The pandemic has presented its fair share of challenges, but it’s also created a number of opportunities to think differently about what we want to translate back into ‘normal’ operations. At Spark, we have turned the conversation from “what went wrong” to “what went right, and what have we learned” about the resiliency of our supply base, agility of capacity and sourcing. It has also prompted us to look at social responsibility during a pandemic (e.g. by sharing PPE to assist local hospitals and front-line workers who were encountering shortages). This wasn’t something that was part of our initial business continuity plans, but something we can translate into ‘normal’ circumstances.

How are you seeking to manage risk in this regard on an ongoing basis – for instance, in terms of devising alternative sourcing strategies?

We have always had a program for developing and qualifying secondary suppliers for critical raw and starting materials. As a result of the pandemic, we have extended our supply chain risk mapping beyond tier 1 and 2 suppliers and have increased our active and passive risk monitoring our of top 10 critical suppliers.

We are also exploring mechanisms to share or trade inventory with strategic partners and the broader Roche network. For example, can we leverage some of their on-hand inventory to bridge a potential shortage owing to a lead time delay, and then replenish their stock once our delivery arrives.

Finally, we have brought and increased focus to an existing program set up to standardize materials from product to product to reduce inventory SKUs

Can you talk us through your approach(es) to raw/starting material testing - and again, how does this differ between in-house and outsourced scenarios?

We have developed and adopted a risk-based model that best leverages the benefits from both in-house and outsourced approaches. For compendial raw materials, we partner with contract laboratories that specialize in this area. For starting materials and non-compendial materials we have developed or insourced in-house methods. Given our platform approach to manufacturing processes, we have been successful in minimizing the overall number of raw materials we have to test and manage.

As a trailblazer in bringing gene therapy to the market, what would you pick out as the keys to success for Spark Tx in this regard, from the raw and starting materials perspective?

Supply reliability has always been discussed in materials sourcing decisions, but often undervalued. The importance of high quality, reliable suppliers cannot be understated. In gene therapy, where we are developing treatments for rare diseases, our treatments are often intended to be life-saving or life-sustaining. If we have patients scheduled to visit a clinic for treatment, it is imperative that our product is there for them. One of our Core Values is to Champion the Patient. In this regard, we have spent a significant amount of time and effort prior to the COVID-19 pandemic on risk mitigation and business continuity planning. We see the fruits of that effort now, and also we clearly see areas for learning and future development.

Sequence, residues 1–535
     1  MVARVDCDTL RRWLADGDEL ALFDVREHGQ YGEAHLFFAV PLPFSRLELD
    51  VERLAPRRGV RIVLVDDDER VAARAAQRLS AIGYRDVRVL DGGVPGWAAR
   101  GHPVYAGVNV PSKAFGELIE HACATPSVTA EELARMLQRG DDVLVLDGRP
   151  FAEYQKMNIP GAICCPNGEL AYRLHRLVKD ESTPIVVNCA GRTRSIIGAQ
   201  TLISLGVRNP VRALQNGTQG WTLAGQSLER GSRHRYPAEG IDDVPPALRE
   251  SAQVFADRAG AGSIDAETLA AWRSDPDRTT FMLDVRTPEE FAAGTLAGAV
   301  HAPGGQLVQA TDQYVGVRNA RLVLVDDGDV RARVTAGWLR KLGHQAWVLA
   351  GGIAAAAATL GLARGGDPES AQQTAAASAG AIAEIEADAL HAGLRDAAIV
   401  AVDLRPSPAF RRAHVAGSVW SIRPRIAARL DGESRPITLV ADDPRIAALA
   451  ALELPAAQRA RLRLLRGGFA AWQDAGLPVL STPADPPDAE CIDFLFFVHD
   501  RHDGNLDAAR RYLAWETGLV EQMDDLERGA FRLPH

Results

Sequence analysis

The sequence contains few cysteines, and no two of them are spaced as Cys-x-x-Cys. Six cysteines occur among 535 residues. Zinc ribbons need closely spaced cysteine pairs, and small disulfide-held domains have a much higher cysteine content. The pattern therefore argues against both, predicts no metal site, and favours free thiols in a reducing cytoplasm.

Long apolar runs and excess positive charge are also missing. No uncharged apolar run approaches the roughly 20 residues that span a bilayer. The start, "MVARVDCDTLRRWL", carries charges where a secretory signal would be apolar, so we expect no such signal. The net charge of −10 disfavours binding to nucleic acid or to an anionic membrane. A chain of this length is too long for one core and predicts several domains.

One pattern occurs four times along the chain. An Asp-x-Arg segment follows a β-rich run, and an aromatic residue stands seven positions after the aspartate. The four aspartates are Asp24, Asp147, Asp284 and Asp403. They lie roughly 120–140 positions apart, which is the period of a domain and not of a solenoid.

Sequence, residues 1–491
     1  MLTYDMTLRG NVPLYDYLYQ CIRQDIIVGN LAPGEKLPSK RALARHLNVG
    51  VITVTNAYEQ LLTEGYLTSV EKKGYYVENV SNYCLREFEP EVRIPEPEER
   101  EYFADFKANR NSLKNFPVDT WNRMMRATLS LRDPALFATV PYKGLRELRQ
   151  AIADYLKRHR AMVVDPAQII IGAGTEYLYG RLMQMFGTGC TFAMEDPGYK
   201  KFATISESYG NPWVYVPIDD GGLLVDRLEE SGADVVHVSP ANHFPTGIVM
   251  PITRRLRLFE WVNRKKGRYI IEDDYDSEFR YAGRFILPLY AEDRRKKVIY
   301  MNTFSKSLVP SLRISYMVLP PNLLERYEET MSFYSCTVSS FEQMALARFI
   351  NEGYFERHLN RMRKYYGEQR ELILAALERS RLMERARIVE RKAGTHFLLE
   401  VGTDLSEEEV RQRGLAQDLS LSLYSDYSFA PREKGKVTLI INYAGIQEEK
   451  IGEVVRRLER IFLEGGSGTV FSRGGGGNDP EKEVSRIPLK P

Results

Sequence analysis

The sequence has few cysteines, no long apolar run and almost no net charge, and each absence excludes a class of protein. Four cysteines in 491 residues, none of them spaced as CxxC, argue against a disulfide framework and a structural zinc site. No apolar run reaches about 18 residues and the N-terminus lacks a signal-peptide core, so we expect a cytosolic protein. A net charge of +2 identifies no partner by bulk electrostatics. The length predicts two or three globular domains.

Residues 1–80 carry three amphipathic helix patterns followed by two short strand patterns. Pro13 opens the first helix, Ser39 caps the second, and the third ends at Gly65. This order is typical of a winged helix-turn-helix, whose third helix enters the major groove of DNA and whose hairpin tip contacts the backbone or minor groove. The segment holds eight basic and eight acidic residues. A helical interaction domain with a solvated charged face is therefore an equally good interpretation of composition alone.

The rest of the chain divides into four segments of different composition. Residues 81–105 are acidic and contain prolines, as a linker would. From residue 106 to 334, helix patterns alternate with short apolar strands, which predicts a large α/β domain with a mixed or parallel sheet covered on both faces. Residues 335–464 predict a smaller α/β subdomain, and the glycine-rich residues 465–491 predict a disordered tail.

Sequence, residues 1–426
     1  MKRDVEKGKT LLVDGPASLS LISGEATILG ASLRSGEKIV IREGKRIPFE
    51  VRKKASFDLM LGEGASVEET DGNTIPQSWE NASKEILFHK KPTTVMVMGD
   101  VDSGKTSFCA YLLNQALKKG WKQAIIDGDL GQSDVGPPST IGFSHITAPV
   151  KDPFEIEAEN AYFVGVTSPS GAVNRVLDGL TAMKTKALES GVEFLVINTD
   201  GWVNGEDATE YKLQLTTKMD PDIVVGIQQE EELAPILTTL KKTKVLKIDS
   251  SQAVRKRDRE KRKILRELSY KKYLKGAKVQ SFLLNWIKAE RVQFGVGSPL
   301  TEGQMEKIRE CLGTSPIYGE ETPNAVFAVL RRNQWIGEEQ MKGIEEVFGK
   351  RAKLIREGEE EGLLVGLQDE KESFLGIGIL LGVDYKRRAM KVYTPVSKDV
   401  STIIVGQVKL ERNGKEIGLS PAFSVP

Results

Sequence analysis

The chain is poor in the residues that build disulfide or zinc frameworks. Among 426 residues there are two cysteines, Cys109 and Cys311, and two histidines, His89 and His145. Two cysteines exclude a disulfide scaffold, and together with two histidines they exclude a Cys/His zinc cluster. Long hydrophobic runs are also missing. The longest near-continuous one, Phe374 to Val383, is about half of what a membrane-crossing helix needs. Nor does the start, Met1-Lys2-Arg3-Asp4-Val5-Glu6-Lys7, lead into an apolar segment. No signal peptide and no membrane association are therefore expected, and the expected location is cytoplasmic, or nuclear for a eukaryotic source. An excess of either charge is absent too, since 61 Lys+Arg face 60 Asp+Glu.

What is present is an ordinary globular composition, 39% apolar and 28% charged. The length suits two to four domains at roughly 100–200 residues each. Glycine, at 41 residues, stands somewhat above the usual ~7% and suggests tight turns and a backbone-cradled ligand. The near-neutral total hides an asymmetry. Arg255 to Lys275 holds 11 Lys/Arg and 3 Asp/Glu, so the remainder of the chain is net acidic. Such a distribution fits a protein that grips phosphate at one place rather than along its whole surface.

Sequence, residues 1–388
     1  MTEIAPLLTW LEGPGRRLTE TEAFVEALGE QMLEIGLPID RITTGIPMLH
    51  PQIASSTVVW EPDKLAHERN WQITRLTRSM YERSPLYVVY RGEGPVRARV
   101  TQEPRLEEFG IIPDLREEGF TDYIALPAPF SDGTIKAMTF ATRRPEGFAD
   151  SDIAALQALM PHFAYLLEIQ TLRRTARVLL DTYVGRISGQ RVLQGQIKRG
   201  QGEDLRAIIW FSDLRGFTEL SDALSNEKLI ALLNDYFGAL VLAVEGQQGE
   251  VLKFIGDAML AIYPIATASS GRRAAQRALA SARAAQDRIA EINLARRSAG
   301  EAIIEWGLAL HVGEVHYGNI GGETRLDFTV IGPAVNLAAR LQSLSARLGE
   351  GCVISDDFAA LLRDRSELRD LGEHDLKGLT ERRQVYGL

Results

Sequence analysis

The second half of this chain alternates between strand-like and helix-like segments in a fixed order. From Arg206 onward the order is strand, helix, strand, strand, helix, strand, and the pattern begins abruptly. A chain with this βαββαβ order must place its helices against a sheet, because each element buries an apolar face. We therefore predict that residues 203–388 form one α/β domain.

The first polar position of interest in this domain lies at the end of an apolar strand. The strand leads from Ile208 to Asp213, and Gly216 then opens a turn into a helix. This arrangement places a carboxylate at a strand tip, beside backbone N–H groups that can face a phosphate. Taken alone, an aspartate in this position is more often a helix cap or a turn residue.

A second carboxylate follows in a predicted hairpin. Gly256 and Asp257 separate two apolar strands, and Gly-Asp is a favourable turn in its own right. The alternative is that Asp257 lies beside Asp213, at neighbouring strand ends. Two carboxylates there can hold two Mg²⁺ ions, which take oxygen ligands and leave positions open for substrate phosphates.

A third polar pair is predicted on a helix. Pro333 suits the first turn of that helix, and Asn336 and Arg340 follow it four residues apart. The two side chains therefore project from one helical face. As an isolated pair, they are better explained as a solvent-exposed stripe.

Eric Hacherl
Head of Manufacturing, Spark Therapeutics Inc.

Christopher Klem
External Manufacturing and CDMO Lead, Spark Therapeutics Inc.

Mark Galbraith
Head of Quality Control & Analytical Sciences, Spark Therapeutics Inc.

Ryan Bartock
Vice President and Head,Technical Strategy & Operations, Spark Therapeutics Inc.

Authorship & Conflict of Interest

Contributions: All named authors take responsibility for the integrity of the work as a whole, and have given their approval for this version to be published.

Acknowledgements: None.

Disclosure and potential conflicts of interest: The authors declare that they have no conflicts of interest.

Funding declaration: The authors received no financial support for the research, authorship and/or publication of this article.

The content in this article is not based on the purchase of products from Roche CustomBiotech.

Article & copyright information

Copyright: Published by Cell and Gene Therapy Insights under Creative Commons License Deed CC BY NC ND 4.0 which allows anyone to copy, distribute, and transmit the article provided it is properly attributed in the manner specified below. No commercial use without permission.

Attribution: Copyright © 2021 Roche Diagnostics Corporation. Published by Cell and Gene Therapy Insights under Creative Commons License Deed CC BY NC ND 4.0.

Article source: Invited.

Interview conducted: Mar 19 2021; Publication date: 26 Mar 2021.

This article is part of the Raw and starting materials spotlight